The impact of water shortages on agriculture, livestock, and food security has two main consequences. First, the shortage is affecting broader public services, as some of the key hydroelectric dams along the Euphrates are nearly reaching “dead level” — the minimum water level to produce electricity, with huge consequences for Syria’s already faltering electricity production. Second, problems with water quantity are leading to issues of water quality. As the Euphrates carries less water, the concentration of harmful pollutants in the water, and consequently the incidence of waterborne and water-related diseases, increases. This worsened water quality is one of the main causes for the recent resurgence and spread of diseases in Syria, such as the ongoing cholera epidemic that broke out in September 2022.

Potable water crisis

The third element in the triple water crisis is largely linked to the conflict: the malfunctioning of Alouk Water Station, located in northeast Syria, near the Turkish border, and on which half a million people are dependent as their primary potable water source. In October 2019, the Turkish armed forces and the Syrian National Army launched a military offensive, Operation Peace Spring, which created a buffer zone of 19 miles (30 kilometers) against the SDF along the Syrian-Turkish border. Alouk Water Station is now part of this buffer zone. Since 2020, Alouk has regularly been out of service, with disastrous consequences for the access to potable water of people in the region. The Kurds blame the Turks, saying they are purposefully withholding water to the Kurdish-led region. The Turks point to technical failures as a consequence of the electricity crisis that impede Alouk’s proper functioning. Lack of transparency and oversight makes it difficult to assess the true causes. What is certain, however, is that the issue is highly politicized and feeding into the conflict dynamics, and that the entire northeast region of Syria has been unable to rely on Alouk for three years. Deprived of their main water source, people have turned to alternatives, mainly boreholes. But this has been leading to alarming over-extraction of groundwater and the lowering of aquifer water levels, which had already been dropping in recent decades. In addition, there are serious concerns regarding the quality of the water in these boreholes and associated health risks from drinking it.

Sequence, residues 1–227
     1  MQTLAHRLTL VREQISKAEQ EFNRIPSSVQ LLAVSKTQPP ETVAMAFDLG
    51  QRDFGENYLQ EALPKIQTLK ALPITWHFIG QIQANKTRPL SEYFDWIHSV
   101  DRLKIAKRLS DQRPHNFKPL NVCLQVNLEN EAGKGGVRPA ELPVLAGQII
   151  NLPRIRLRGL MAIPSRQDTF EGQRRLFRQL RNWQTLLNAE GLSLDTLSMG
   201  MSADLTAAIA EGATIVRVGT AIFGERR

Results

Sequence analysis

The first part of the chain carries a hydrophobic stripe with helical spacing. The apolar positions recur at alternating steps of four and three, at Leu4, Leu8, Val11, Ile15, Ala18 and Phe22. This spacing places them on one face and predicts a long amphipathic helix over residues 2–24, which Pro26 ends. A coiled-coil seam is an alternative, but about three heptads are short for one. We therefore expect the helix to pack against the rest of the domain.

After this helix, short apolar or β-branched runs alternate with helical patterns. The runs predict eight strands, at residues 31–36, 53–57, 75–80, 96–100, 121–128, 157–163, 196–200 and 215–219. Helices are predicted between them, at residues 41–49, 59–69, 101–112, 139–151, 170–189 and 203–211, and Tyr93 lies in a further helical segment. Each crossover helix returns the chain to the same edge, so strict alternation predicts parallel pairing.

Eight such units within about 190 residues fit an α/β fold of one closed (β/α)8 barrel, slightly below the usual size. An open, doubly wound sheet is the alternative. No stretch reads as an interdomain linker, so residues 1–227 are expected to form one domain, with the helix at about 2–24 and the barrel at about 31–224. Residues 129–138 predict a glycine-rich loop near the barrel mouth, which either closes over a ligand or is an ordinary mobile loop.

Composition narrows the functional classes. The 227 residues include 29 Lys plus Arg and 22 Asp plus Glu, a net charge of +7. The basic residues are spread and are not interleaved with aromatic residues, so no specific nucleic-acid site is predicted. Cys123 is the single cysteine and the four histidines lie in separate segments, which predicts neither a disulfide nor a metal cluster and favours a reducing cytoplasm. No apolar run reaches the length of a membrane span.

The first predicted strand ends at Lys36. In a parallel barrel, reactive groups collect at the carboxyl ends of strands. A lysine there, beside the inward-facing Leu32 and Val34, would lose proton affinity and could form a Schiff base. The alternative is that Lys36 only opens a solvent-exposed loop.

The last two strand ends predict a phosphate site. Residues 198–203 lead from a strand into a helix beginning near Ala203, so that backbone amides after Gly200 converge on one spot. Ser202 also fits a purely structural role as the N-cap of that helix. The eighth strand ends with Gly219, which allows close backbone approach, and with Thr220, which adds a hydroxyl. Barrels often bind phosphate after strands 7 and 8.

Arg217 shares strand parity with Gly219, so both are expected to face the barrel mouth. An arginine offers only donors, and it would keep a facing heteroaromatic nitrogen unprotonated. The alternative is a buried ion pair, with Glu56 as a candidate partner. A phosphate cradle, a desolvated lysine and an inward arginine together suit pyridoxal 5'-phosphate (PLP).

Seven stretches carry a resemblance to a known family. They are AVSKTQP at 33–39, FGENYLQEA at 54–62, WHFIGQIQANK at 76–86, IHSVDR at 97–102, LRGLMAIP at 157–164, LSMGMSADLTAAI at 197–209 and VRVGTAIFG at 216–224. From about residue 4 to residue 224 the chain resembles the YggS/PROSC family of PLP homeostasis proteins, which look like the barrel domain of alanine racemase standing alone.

The triple water crisis in Syria shows that, in conflict, the environment itself becomes political. By contributing to the depletion of the Euphrates and other water sources, droughts amplify the already difficult situation of millions of Syrians across the country. Water is not a standalone resource — it is linked with food security, economic security, health, and the continuity of critical public services. As an essential resource, water is also an attractive target for control, leverage, and competitive advantage during conflict. The Alouk Water Station crisis would not have been as devastating for people living in northeast Syria if they had sufficient, viable alternatives.

When the environment becomes a factor in conflict, its protection is no longer a priority. Years of war have left their mark on Syrian ecosystems, as water resources and fields have been contaminated by land mines and explosive remnants of war, and natural habitats caught in conflict zones have been destroyed. Syria has lost 20% of its tree cover since the start of the conflict, with drought-driven wildfires accounting for further reductions in recent years. The climate-related causes of the triple water crisis will not recede in the coming years, as Syria becomes drier and hotter. The only way forward in this crisis requires a political willingness to reprioritize human and environmental well-being, but thus far the track record of doing so has not been promising.


Megan Ferrando is a Non-Resident Scholar with the Climate and Water Program at the Middle East Institute. She is currently based in Jordan, working for a humanitarian NGO’s Syria mission.

Photo by MERT CAN BUKULMEZ/Middle East Images/AFP via Getty Images